Johannes Nikolaus Ripberger, IIMaria Eva Klug

Johann Adam RipbergerMagdalena Schnabel

(Johann) Ignatz (Ingatius) Ripberger

f a m i l y
Children with:
Regina Markentin or Markert

Regina Ripberger
(Johann) Ignatz (Ingatius) Ripberger
  • Born: 1 Sep 1787, Bavaria, Germany
  • Married 28 Jul 1811, Grosswallstadt, Bavaria, Germany, to Regina Markentin or Markert
  • Died: 23 Oct 1836, St. Peters, Franklin, IN
  • Reference: Ernest Stander Research -

    pict4869.jpg [193x182] Gravestone of Johann Ignatz Ripberger - St. Peter's Cemetery

    The History of St Peter's Catholic Church
    Franklin County, Indiana

    On August 15, 1833, a number of German immigrant families arrived at Baltimore, Maryland aboard the ship, the Weser. The majority of these families had been from Großwallstadt, Bavaria, Germany and wished to take up land together in the New World and form a new community. Among the ten or so families who formed the community of Neuwaldstadt in Highland Township, Franklin County was that of Michael Ripperger, Henry William Geis, Ignatz Ripberger, Mathias Fussner, Franz Alois Bauer, and Conrad Weiler.

    Father John A. Kohlman in his 1919 Directory of St. Peter Church described Neuwaldstadt: “In those days the entire region was a vast stretch of wild, virgin forest, into which, as it appeared, only a casual settler here and there found his way. However, these brave and courageous young men, undaunted and undismayed at the hazardous undertaking of attempting to establish their homes and seek their fortunes in the heart of an immense forest, where probably only beasts of prey had hitherto trodden, and where the axe of the ‘invader’ had not yet left its mark, forthwith assumed the arduous task which a guiding Providence has outlined for them.”
    The new settlers, having purchased government lands, went about the task of building single room log cabins. As these first homes were being constructed, additional families from the Old World were already arriving to take their place along with the
    first Neuwaldstadters.

    In the midst of this, the people of Neuwaldstadt turned their attention to their spiritual wellbeing. Having been accustomed to the availability of both Catholic church and priest in their Old World homes, they found the forests of Indiana in this regard severely lacking. In the spring of 1834, two German Catholics, Mr. John Heimburger of Yorkridge and Mr. Ripperger of Neuwaldstadt were met by Father Joseph Ferneding, “The Apostle of the Germans.” It seems their meeting took place by chance as the two gentlemen were on their way to a mill on the Whitewater River. Looking across the river, the men saw a man on horseback who they thought looked like a priest. Hearing the men speaking German, Father Ferneding asked if there were any Catholics in the vicinity. The men informed him of Catholics in the surrounding areas and the noble Father promised to go back with them. The next day he celebrated Mass at the home of Mr. Heimburger with the promise that in the future he would return to the same village and also pay a visit to the Catholics at Neuwaldstadt.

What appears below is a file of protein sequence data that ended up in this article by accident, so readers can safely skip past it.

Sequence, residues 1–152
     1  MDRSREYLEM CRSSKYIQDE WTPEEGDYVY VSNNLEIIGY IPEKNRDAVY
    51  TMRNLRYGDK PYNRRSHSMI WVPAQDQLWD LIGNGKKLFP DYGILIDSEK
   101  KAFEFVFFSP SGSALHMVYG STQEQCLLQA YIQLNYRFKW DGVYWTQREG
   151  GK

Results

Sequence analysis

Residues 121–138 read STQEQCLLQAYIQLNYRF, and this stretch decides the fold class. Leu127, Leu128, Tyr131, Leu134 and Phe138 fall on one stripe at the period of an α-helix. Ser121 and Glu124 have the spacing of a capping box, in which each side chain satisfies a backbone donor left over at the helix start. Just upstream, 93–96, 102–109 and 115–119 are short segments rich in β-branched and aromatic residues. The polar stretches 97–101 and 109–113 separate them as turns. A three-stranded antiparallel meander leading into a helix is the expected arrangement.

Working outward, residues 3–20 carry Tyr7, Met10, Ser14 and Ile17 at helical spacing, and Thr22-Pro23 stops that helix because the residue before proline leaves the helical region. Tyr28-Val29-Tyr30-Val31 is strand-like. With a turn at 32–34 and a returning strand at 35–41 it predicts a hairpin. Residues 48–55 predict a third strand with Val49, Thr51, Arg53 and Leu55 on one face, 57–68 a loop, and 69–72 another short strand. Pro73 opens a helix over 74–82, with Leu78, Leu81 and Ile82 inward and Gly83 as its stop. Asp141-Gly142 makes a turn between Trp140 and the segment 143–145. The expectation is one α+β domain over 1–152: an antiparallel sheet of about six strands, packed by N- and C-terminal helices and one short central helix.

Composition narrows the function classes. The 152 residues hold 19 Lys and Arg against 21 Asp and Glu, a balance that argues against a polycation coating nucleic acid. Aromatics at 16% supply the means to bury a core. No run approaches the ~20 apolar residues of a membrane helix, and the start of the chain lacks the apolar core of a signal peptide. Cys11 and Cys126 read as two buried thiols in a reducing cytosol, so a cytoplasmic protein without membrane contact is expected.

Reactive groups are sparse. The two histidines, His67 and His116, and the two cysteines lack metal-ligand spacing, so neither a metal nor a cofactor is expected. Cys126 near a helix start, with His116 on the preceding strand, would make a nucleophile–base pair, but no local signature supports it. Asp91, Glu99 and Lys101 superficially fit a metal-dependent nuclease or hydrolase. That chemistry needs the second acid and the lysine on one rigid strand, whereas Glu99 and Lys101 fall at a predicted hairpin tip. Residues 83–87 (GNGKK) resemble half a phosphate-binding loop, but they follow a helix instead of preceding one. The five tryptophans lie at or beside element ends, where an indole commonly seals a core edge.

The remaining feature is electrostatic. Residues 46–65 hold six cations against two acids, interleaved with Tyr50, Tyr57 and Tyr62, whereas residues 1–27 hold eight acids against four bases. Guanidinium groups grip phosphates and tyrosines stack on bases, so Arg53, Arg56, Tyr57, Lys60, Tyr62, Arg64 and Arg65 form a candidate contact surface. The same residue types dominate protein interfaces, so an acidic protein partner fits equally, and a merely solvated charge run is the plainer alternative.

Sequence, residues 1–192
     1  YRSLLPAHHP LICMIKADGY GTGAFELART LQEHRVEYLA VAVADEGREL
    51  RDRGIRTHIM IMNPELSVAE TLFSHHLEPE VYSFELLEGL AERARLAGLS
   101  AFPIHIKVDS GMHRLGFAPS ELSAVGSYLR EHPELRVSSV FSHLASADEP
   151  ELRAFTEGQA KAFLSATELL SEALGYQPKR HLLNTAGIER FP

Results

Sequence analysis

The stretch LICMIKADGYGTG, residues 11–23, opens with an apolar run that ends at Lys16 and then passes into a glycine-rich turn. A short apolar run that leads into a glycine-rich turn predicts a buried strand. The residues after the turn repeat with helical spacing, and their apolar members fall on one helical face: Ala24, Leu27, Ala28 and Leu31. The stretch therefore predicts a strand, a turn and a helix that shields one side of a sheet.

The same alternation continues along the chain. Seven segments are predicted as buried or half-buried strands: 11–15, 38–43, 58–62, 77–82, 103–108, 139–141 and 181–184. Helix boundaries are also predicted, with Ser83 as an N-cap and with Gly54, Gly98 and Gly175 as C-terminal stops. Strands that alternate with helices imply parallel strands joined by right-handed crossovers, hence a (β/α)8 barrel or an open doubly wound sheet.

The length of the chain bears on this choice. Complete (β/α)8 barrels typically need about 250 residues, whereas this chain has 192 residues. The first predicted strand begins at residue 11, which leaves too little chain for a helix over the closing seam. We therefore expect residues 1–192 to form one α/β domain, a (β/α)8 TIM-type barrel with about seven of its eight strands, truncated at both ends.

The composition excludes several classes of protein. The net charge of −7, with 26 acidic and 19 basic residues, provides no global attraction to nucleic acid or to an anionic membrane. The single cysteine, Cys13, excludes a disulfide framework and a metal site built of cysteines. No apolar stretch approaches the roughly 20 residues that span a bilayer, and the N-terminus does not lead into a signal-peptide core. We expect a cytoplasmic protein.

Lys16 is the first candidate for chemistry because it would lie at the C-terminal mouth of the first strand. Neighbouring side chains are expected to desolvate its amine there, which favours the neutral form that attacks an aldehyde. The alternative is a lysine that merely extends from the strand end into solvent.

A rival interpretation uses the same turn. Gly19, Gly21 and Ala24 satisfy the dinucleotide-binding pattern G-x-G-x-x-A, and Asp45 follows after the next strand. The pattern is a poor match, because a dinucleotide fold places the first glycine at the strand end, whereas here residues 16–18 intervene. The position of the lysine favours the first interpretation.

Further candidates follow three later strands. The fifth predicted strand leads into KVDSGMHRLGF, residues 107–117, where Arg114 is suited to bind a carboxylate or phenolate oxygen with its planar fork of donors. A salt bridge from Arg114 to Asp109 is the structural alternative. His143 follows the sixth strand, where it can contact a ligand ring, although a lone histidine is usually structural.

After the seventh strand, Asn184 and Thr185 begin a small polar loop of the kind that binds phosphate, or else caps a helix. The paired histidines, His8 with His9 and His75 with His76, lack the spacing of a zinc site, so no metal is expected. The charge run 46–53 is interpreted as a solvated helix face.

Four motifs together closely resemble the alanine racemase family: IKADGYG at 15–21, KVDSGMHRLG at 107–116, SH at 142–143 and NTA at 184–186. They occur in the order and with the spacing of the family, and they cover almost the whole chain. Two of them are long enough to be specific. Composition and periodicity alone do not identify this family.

In the meantime, the Neuwaldstadters decorated a large, hollow tree with various icons and religious emblems and fastened a large portrait of the Blessed Virgin Mary within. The tree acted as sacred place where the people could gather to pray and sing. These devotions were usually directed by Michael Ripperger. In addition to this, the people also made pilgrimages to New Alsace in order to attend Mass at the church in that location.

    As early as the summer of 1834, Father Ferneding visited Neuwaldstadt and said Mass in the homes of William Geis and Adam Ripberger. Father promised to return and encouraged the congregation to commence the building of a house of worship. In 1835 the erection of a simple log church was begun. Land for the church was deeded to Bishop Bruté by Michael and Margaret Ripperger, Regina Ripberger and son John, and Margaret Geis and sons. On October 23, 1836, Ignatz Ripberger, one of the original founders, died. He was buried beside the church in what was to become St. Peter’s Cemetery. In July, 1838, Bishop Bruté blessed the completed church and dedicated it to St. Peter. The new church having been named St. Peter
    caused the surrounding community to be known by the same.
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